Your Journey To a Financially Secure Future

Let’s take a closer look at two of the many questions plan participants face on their journey:

  1. How much do I need to save to retire comfortably one day?
  2. How do I actually get there?

How Much Do I Need To Save For Retirement?

The answer is far from simple and has many variables, such as:

  • When will you retire?
  • How long will you and your spouse/partner live?
  • What kind of spending habits will you have?
  • How much will you need for healthcare costs?

To get a better picture of your unique situation, consider overall assets, balances held in IRAs and other qualified plans, any spousal financial information, estimates on social security, and more. Many financial planners will tell you that if you can accumulate ten to twelve (10-12) times your annual compensation in combined assets (including any Social Security and outside pensions), you might be “retirement ready” if you retire at age 67. Note: Given that there is a baseline cost of living today, most financial planners feel that there needs to be a minimum floor to this calculation, such as $750,000 in combined assets to meet the test. If employees retire at a time when they are earning $20,000 a year, it is hard to imagine they could live for 15 or 20 years on $200,000 in total assets. In such a case, the ten-times pay figure may be 15 or 16-times pay for lower wage earners to account for this minimum cost of living.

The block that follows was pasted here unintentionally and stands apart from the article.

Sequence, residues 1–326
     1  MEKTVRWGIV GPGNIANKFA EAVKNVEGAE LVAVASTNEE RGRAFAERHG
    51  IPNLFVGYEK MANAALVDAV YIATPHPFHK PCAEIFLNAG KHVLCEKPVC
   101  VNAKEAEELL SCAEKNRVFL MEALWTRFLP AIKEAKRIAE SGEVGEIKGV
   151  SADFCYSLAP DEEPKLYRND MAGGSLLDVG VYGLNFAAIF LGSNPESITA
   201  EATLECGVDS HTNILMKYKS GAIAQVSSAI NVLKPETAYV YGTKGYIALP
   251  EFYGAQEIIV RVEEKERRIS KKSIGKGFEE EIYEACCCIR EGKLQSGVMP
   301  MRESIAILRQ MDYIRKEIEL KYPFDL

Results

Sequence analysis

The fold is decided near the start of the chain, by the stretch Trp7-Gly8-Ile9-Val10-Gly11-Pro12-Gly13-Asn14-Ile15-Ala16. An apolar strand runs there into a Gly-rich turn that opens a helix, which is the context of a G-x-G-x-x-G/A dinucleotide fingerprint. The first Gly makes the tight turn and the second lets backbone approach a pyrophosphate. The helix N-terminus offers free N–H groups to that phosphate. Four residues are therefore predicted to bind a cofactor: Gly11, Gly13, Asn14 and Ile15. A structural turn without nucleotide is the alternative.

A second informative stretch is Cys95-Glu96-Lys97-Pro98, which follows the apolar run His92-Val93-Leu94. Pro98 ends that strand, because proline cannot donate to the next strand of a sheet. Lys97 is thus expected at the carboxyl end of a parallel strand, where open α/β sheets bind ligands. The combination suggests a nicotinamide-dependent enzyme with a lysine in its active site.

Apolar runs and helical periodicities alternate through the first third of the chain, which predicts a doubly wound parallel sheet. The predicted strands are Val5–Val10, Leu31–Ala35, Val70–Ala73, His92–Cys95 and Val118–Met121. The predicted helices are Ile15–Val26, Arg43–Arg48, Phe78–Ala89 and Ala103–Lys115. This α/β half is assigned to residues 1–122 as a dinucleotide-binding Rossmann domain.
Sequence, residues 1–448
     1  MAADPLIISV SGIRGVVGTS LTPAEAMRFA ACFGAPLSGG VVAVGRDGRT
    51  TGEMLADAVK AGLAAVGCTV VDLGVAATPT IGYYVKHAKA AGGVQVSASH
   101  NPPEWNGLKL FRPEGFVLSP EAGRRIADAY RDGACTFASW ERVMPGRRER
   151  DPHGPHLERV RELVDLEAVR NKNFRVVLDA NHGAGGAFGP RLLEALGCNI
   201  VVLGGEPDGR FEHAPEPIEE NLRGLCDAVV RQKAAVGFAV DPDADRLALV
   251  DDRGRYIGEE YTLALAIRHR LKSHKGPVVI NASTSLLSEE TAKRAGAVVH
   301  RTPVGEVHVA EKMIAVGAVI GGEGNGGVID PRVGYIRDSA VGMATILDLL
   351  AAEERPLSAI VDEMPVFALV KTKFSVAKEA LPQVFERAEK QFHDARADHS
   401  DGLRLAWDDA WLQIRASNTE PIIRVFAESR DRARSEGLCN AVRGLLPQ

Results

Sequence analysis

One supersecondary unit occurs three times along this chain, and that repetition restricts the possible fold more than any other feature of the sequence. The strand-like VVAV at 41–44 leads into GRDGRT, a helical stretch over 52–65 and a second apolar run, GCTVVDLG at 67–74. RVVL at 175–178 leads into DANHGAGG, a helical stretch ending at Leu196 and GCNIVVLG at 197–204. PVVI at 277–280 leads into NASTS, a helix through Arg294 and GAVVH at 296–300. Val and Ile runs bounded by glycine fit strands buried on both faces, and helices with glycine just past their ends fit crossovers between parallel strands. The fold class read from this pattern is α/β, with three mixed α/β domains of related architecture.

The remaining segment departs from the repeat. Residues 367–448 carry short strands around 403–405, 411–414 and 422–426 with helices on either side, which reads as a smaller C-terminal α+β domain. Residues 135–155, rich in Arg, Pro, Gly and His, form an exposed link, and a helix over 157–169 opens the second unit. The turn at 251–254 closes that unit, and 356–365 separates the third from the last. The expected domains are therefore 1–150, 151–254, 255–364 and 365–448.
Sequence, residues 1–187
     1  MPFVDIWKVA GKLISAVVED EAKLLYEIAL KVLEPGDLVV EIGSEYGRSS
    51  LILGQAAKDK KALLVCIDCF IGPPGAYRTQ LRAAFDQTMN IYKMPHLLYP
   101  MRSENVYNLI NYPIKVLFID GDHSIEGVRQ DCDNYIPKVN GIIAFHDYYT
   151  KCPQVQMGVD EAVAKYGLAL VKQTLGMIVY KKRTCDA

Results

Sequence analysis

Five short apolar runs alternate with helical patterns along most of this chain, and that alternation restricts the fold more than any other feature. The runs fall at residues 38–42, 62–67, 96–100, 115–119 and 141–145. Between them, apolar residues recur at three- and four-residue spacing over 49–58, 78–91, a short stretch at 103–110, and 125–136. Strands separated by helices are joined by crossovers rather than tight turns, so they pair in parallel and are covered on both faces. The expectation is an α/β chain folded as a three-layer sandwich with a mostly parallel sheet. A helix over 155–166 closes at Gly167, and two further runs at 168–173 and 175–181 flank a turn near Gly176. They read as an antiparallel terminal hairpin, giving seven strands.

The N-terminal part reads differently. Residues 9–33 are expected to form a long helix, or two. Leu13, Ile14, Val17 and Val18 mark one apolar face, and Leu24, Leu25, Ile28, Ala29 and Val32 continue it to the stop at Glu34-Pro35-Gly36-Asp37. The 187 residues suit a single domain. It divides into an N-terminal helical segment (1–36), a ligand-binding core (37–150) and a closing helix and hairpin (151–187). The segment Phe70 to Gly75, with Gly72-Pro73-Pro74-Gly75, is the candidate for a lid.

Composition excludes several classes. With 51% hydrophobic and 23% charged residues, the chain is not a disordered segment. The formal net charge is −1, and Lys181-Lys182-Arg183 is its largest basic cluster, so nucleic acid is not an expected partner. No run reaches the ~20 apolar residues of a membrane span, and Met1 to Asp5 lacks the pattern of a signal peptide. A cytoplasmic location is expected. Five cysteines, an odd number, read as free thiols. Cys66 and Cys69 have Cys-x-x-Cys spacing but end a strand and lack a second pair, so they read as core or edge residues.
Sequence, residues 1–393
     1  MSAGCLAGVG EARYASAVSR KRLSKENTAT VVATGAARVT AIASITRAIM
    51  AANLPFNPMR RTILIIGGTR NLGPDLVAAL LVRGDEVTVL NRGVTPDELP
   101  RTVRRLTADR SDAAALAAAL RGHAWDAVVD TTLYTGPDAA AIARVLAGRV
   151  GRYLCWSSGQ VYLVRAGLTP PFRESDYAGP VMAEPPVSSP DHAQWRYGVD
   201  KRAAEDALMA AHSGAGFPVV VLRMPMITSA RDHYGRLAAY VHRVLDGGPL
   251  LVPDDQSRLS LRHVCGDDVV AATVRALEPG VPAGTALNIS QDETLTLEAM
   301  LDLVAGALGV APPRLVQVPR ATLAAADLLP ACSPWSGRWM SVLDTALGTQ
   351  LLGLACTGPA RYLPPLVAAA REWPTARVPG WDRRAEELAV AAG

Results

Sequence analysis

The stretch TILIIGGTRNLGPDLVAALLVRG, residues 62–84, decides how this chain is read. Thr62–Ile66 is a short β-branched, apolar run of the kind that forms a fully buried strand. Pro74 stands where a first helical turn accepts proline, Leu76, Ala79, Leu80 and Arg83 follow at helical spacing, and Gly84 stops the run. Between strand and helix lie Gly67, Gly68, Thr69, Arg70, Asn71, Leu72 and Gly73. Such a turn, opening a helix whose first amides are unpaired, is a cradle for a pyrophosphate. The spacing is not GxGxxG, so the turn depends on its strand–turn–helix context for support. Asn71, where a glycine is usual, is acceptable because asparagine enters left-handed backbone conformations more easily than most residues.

How Do I Reach The Ten Times Pay Goal?

Many financial planners will tell you that if you can invest 10% of your compensation for a 35 or 40-year working career, you can reach your retirement readiness goal. What changes can you make if you’re not on target?

  • Increase your savings rate (even if it is over a several year period) 
  • Delay your anticipated retirement date to a later year
  • Contribute at least enough to get the full amount of any employer matching contributions. Always remember — the biggest contributor to your retirement success will be YOU, not investment returns or employer contributions. The more you save, and the earlier you start, the better.

See examples of how a few employees worked toward their goal of ten-times pay: